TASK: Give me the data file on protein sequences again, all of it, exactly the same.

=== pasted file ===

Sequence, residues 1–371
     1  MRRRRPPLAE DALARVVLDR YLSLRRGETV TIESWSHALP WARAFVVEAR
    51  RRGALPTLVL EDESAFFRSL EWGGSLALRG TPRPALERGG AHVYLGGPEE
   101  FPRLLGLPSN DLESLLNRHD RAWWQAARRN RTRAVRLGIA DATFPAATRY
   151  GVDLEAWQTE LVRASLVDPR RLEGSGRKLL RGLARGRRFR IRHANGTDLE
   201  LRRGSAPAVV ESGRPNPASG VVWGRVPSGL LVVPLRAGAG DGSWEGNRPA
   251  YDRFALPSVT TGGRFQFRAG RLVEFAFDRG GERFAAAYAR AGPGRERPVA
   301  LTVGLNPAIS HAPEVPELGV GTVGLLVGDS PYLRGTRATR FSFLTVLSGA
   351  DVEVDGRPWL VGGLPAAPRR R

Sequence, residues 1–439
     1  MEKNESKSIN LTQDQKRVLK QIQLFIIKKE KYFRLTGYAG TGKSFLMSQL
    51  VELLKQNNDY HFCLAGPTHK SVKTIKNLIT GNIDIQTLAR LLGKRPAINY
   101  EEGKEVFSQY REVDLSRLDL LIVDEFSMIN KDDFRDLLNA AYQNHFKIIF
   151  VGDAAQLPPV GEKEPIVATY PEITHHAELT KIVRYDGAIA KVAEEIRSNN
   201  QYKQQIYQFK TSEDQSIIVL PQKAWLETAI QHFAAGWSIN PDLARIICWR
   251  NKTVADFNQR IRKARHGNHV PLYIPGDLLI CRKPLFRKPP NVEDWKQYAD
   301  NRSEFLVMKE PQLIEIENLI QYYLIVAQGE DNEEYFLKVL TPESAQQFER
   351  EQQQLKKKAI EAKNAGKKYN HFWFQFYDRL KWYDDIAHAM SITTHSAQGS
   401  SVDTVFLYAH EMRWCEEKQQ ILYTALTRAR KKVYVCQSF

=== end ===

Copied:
Sequence, residues 1–371
     1  MRRRRPPLAE DALARVVLDR YLSLRRGETV TIESWSHALP WARAFVVEAR
    51  RRGALPTLVL EDESAFFRSL EWGGSLALRG TPRPALERGG AHVYLGGPEE
   101  FPRLLGLPSN DLESLLNRHD RAWWQAARRN RTRAVRLGIA DATFPAATRY
   151  GVDLEAWQTE LVRASLVDPR RLEGSGRKLL RGLARGRRFR IRHANGTDLE
   201  LRRGSAPAVV ESGRPNPASG VVWGRVPSGL LVVPLRAGAG DGSWEGNRPA
   251  YDRFALPSVT TGGRFQFRAG RLVEFAFDRG GERFAAAYAR AGPGRERPVA
   301  LTVGLNPAIS HAPEVPELGV GTVGLLVGDS PYLRGTRATR FSFLTVLSGA
   351  DVEVDGRPWL VGGLPAAPRR R

Sequence, residues 1–439
     1  MEKNESKSIN LTQDQKRVLK QIQLFIIKKE KYFRLTGYAG TGKSFLMSQL
    51  VELLKQNNDY HFCLAGPTHK SVKTIKNLIT GNIDIQTLAR LLGKRPAINY
   101  EEGKEVFSQY REVDLSRLDL LIVDEFSMIN KDDFRDLLNA AYQNHFKIIF
   151  VGDAAQLPPV GEKEPIVATY PEITHHAELT KIVRYDGAIA KVAEEIRSNN
   201  QYKQQIYQFK TSEDQSIIVL PQKAWLETAI QHFAAGWSIN PDLARIICWR
   251  NKTVADFNQR IRKARHGNHV PLYIPGDLLI CRKPLFRKPP NVEDWKQYAD
   301  NRSEFLVMKE PQLIEIENLI QYYLIVAQGE DNEEYFLKVL TPESAQQFER
   351  EQQQLKKKAI EAKNAGKKYN HFWFQFYDRL KWYDDIAHAM SITTHSAQGS
   401  SVDTVFLYAH EMRWCEEKQQ ILYTALTRAR KKVYVCQSF